When a judge or magistrate in divorce or family court rules that you must pay alimony, they have issued you an order. You must pay or you are in indirect civil contempt of court.
If you have circumstances which do not allow you to pay alimony, such as extreme financial difficulties, make a formal showing of that to the divorce or family court. Provide paperwork, such as your credit report and your pay slips. Use formal written statements to explain why you are not making enough to pay alimony.
In Indiana, a person must be "guilty of any willful disobedience of any process, or any order lawfully issued" in order to be found guilty of contempt of court.(Ind. Code § 34-47-3-1 : Indiana Code - Section 34-47-3-1: Disobedience of process). So if you are
dilligently looking for work and filling out applications and are still unable to find a job, the judge may find that you inability to pay is not "willful disobedience".
So you need to look for work in as many places as you can and fill out applications. Keep a list of all the places you apply and get a copy of your application to show to the judge to prove that you are actively looking for work. It will be difficult for the judge to hold you liable if you are acting in good faith and putting your best efforts into finding a job, but you simply haven't received any offers.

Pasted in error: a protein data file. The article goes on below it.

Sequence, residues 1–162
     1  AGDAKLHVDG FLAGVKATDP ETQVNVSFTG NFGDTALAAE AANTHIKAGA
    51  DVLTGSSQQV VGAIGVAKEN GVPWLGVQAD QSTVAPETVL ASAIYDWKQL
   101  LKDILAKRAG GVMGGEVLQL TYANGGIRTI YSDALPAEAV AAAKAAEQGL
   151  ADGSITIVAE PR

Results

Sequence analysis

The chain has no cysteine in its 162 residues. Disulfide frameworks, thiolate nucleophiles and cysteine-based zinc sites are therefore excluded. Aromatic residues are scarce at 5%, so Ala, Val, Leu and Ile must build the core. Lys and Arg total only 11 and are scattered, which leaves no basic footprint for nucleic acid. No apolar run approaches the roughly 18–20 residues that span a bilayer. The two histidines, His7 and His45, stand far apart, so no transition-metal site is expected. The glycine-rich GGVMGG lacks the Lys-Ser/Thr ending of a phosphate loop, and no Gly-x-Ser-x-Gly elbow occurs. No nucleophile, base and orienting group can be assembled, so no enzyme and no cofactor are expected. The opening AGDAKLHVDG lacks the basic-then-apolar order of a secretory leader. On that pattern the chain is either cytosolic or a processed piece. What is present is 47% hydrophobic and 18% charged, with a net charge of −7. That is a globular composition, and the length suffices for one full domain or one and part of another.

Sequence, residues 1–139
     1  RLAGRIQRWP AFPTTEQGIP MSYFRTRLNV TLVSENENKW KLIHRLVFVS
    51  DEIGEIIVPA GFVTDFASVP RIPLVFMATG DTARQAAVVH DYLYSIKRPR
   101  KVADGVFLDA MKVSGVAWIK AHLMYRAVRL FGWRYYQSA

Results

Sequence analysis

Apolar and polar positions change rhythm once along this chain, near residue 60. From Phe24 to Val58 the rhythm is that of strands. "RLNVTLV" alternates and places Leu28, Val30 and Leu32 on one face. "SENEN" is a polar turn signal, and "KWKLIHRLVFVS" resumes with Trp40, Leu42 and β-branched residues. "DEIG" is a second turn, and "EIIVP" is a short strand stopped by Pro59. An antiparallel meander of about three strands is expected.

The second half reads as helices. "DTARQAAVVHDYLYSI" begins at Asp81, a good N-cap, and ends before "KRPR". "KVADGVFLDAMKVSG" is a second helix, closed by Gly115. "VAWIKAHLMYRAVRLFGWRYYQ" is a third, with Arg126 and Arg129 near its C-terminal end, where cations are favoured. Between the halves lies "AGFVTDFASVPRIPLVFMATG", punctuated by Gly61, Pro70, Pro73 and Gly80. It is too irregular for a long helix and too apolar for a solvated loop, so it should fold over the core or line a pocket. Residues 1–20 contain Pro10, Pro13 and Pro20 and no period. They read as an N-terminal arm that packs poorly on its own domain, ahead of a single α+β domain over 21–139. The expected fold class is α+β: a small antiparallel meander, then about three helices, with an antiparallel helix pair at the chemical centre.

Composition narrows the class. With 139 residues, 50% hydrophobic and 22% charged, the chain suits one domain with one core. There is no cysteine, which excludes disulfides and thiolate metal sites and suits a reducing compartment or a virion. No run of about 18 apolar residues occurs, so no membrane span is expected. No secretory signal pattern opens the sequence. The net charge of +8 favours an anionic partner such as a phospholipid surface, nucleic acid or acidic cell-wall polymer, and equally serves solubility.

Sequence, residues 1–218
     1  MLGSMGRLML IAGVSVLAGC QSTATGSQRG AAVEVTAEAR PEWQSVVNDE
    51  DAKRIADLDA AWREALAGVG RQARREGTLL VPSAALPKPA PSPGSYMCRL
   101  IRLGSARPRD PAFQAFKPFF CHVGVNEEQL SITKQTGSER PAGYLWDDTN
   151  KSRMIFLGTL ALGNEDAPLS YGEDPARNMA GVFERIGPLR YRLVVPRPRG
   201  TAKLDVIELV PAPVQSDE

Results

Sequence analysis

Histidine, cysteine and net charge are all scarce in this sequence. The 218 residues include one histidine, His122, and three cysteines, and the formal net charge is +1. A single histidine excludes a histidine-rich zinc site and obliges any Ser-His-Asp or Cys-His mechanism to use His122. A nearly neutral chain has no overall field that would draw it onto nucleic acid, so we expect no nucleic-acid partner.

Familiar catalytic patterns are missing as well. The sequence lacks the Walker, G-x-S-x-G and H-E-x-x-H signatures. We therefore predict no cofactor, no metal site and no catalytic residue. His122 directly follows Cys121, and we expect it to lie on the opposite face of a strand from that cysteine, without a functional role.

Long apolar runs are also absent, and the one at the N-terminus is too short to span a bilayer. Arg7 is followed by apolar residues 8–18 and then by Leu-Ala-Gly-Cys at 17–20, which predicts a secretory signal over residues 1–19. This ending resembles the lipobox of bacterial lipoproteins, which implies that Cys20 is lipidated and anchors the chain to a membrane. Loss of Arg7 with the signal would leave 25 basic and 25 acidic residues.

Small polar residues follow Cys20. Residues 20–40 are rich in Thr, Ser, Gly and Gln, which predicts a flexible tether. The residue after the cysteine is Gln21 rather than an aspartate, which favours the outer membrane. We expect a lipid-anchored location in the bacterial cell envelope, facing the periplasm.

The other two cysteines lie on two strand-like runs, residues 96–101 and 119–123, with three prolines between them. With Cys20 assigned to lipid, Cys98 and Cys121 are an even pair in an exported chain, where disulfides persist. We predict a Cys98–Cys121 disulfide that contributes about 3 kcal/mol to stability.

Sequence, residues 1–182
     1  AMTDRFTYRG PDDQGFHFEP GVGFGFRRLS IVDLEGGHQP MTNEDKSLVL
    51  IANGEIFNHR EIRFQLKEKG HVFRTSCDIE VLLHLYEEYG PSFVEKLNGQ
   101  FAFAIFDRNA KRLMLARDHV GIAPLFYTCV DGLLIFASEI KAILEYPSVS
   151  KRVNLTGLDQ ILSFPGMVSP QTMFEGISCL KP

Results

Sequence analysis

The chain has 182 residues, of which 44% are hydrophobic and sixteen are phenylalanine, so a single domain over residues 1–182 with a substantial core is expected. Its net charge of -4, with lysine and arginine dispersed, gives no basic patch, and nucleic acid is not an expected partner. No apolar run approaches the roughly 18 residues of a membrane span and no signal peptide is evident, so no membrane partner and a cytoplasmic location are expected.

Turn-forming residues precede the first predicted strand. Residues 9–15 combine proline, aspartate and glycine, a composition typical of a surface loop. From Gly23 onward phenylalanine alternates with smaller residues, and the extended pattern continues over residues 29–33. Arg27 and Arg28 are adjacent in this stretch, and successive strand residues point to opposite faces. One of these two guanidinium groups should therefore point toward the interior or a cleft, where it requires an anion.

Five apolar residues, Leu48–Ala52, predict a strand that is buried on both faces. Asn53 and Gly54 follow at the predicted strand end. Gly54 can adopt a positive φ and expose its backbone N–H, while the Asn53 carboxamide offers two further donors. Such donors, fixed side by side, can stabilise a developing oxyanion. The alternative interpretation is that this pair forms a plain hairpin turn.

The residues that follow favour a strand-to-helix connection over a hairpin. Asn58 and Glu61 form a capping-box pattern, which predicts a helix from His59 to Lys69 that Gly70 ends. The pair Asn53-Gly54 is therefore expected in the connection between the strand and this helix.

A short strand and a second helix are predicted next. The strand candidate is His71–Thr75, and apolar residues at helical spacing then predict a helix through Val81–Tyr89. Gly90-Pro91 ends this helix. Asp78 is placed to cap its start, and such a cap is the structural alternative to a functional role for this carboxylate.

What do you mean by a "formal showing"? Do you mean a formal appearance in court?
If so, then the only way to do so would be to hire an attorney to appear on your behalf (which might not be practical for financial reasons). If you did not appear then it is very likely that he would hold you in contempt for failure to appear and could issue a bench warrant for your arrest.
Well, the simplest way would be to go out and get a newspaper and apply for 6-10 jobs that are listed, regardless of what they were. Ask the employer for a copy of the application for your records so you can show them to the judge. The "formal statements" just means your written explanation to the judge as to why you are unable to comply with his order.
So basically, due to the economy, you have been out of work, have no assets, had to move in with your daughter in Oregon and have been submitting applications on a daily basis looking for work so you can comply with the judge's order. You have absolutely no intention of being willfully disobedient to the judge's orders and are doing everything you can to get in compliance.
The problem here is that you will either have to get back personally for any court appearances or have an attorney represent you. You can't just mail the applications to the court and handle this long distance. They require you or your attorney to appear in front of the judge personally.
So the absolute cheapest way I can think of to get back is by Greyhound bus.
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